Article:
‘Crackers’ (Limestone Cowboys ) of the area remind me of those that work ‘range’ cattle every where, my Dad (above) worked rounding up and transporting range cattle in the 40′s and 50′s – he was a regular with the Lee County Sheriff’s posse rodeo’s in Ft. Myers. – Alva Fruit Company
Side note: the largest cattle ranch in America is not in Texas – it’s in Florida.
Several flocks of wild turkey
Simple beauty amidst no noise, only the occasional plastic water bottle to bring me back to reality – doggone people…….
On water’s everywhere, a rope swing
The Gardner ramp 330 pm, surprisingly relaxed paddle and early arrival at the halfway point. What I had seen throughout the day really didn’t lead me to desire hunting a campsite in the dark – With an established camp available by the Outfitters several hundred yards downstream (plus lingering weariness from the long super-bowl night before this paddle) – well…
The Outpost’s campsite was neat with cold-water showers and a bathroom available – easy call, the tent came out early. I’ve paddled a few distances and am lead to believe that ‘a good paddler goes down, – and rises with the sun’ (doesn’t always work – but I try). The Outpost folks also have an additional campsite available to it’s customers further downriver – for day-paddlers and youth groups, its their way of doing all they can to expose this river’s quality to others (nice camps CO).
The next morning tracks around my kayak near the shore indicated that a range cow had wandered through sometime during the night – all’s I heard was the owls. Even at a slow pace I was back on the water at 830a once again, feeling blessed while drifting and contemplating the setting with a standard cup of river-jolt. .
Cypress stumps, actually exposed roots – new foundations, natural seawalls.
Easing along the placid waters and just around one bend there was something swimming across in the water ahead (gator-bait), only seeing its head I thought it to be a wild pig. Quietly easing closer a coyote climbed the far bank (above) and stood a moment – then with a single glance towards me he was a distant memory!
Some sand banks along the way
While on the river I paddled alone, stealth-like, and with the current – in the distance I noticed a fisherman with lines out, the only one I had seen thus far. When paddling like this it is possible to slip up on wildlife – and at times, folks. This guy was really into his fishing and as I reached this point I said hello and snapped the picture – startled, he was all teeth – nice guy. Drifting past we made short conversation – the incident reminded me of paddling up on some fishermen at Lake Powell once, even entered into their conversation before they even noticed this stranger, funny.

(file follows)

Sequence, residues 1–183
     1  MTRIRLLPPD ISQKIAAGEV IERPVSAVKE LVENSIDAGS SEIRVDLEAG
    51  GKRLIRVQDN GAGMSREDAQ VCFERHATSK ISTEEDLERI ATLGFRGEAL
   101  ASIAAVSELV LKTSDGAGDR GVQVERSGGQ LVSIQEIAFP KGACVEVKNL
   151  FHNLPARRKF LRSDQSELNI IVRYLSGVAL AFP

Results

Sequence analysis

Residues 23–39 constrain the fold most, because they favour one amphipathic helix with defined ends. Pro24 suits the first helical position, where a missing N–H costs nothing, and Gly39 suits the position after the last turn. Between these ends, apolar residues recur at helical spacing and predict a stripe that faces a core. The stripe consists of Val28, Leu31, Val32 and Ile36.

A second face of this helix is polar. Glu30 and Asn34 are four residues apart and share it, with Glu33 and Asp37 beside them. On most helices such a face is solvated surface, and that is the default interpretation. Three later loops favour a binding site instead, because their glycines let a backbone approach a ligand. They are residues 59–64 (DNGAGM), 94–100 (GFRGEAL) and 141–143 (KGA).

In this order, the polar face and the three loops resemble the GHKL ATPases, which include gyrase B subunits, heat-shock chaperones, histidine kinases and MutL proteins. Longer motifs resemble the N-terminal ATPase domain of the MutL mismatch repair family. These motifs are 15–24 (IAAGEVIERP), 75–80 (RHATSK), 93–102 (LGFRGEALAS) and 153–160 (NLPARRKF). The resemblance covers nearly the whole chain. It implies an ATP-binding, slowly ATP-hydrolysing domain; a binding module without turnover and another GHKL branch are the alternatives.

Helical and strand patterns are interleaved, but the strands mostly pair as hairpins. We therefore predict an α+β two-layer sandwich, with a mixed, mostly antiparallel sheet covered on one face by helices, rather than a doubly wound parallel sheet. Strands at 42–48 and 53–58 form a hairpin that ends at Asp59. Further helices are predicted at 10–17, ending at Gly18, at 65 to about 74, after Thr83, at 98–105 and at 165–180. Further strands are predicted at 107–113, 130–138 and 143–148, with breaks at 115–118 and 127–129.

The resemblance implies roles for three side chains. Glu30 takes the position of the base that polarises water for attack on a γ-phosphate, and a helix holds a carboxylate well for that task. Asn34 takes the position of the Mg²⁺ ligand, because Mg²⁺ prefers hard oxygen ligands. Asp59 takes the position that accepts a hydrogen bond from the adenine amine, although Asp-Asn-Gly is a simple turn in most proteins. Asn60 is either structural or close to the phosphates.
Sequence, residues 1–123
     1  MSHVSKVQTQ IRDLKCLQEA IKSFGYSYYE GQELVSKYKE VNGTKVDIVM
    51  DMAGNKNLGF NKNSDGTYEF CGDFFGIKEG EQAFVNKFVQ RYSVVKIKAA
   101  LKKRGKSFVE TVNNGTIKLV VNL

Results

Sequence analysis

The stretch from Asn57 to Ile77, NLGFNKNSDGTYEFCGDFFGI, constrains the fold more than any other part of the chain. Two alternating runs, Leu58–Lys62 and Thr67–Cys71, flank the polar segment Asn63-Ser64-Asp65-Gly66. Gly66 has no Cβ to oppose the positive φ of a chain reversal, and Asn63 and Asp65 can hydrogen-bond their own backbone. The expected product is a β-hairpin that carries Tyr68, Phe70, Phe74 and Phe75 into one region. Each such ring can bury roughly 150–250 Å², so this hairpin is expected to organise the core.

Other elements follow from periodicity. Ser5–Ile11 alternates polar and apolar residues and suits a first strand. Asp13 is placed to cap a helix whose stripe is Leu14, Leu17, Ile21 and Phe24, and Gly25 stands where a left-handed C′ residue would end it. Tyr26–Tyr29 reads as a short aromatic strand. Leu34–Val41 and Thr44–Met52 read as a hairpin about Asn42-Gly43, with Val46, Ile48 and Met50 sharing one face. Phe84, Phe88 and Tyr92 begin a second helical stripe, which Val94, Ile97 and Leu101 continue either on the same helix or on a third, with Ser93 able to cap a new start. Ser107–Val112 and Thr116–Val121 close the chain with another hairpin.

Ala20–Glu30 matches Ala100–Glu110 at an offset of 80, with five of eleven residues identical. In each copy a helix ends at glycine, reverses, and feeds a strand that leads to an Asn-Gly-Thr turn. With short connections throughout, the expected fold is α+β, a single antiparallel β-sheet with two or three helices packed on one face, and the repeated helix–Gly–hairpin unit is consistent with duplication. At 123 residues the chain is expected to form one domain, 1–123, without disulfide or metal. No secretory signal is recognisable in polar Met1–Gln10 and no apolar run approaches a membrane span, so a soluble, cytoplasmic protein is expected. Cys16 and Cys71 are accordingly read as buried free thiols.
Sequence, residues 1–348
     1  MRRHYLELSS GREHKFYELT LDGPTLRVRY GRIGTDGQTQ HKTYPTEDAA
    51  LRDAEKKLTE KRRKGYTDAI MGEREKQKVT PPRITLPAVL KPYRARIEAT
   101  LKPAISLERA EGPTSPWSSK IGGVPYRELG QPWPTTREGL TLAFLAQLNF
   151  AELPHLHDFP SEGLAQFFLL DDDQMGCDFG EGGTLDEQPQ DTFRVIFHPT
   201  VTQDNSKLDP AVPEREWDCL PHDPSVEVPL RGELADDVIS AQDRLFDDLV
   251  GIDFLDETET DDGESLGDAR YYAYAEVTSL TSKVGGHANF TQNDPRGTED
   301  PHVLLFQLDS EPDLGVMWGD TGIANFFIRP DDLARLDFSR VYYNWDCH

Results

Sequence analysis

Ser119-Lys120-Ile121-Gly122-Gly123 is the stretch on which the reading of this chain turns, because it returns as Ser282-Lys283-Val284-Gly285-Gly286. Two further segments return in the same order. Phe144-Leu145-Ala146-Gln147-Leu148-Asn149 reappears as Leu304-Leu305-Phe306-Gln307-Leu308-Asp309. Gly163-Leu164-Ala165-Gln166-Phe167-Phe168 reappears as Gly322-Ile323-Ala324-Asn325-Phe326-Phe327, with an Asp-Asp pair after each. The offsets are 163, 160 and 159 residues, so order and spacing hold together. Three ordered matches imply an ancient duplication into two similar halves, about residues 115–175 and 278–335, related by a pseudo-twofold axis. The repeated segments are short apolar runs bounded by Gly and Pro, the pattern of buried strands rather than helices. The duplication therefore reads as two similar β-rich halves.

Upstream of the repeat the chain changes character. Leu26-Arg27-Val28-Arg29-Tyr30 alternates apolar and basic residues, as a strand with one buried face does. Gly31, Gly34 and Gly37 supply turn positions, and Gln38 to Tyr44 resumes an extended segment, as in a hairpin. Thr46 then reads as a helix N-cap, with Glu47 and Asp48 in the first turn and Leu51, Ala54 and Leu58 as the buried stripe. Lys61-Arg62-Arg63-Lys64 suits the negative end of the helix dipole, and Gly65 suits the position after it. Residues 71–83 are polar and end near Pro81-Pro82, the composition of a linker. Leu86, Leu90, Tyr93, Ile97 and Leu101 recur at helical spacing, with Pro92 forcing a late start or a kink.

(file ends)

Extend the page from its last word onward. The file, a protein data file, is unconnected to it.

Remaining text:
With all the ancient history of the terrain, fossils (like along the Suwannee) are there if you seek. This is Sam and Perry (she is Sam, not short for Samantha). From Indiana they were eager to discuss and show me their booty of ancient finds – an assortment of animal (mostly shark) teeth and some fossilized bone. It was a good stop and conversation with some interesting folks. More Peace river fossil hunting information.
aged Cypress trees
a long life passing naturally
The railroad trestle indicates the end of a short paddle ahead
The Outpost. Folks were great, I know that its their business – but to this point the folks Canoe Outpost seem more than eager to help. I liked the trash and recycle containers available, a good direction for all.
Canoe Outpost – Arcadia Fla – they’re way of saying – “bacshortly”
Notes; Zolfo to Gardner ez 6.5 hours (direct line 20 mi). Gardner to Outpost Arcadia ez 5 hours (direct line 15 mi). $50 buck shuttle to Zolfo (worth it), Airboats heard down river from Arcadia – my trip was during the week and I encountered neither airboats nor other paddlers – but it is possible (just part of it).
Paddle not to ‘make-time’ but as to ‘take-time.’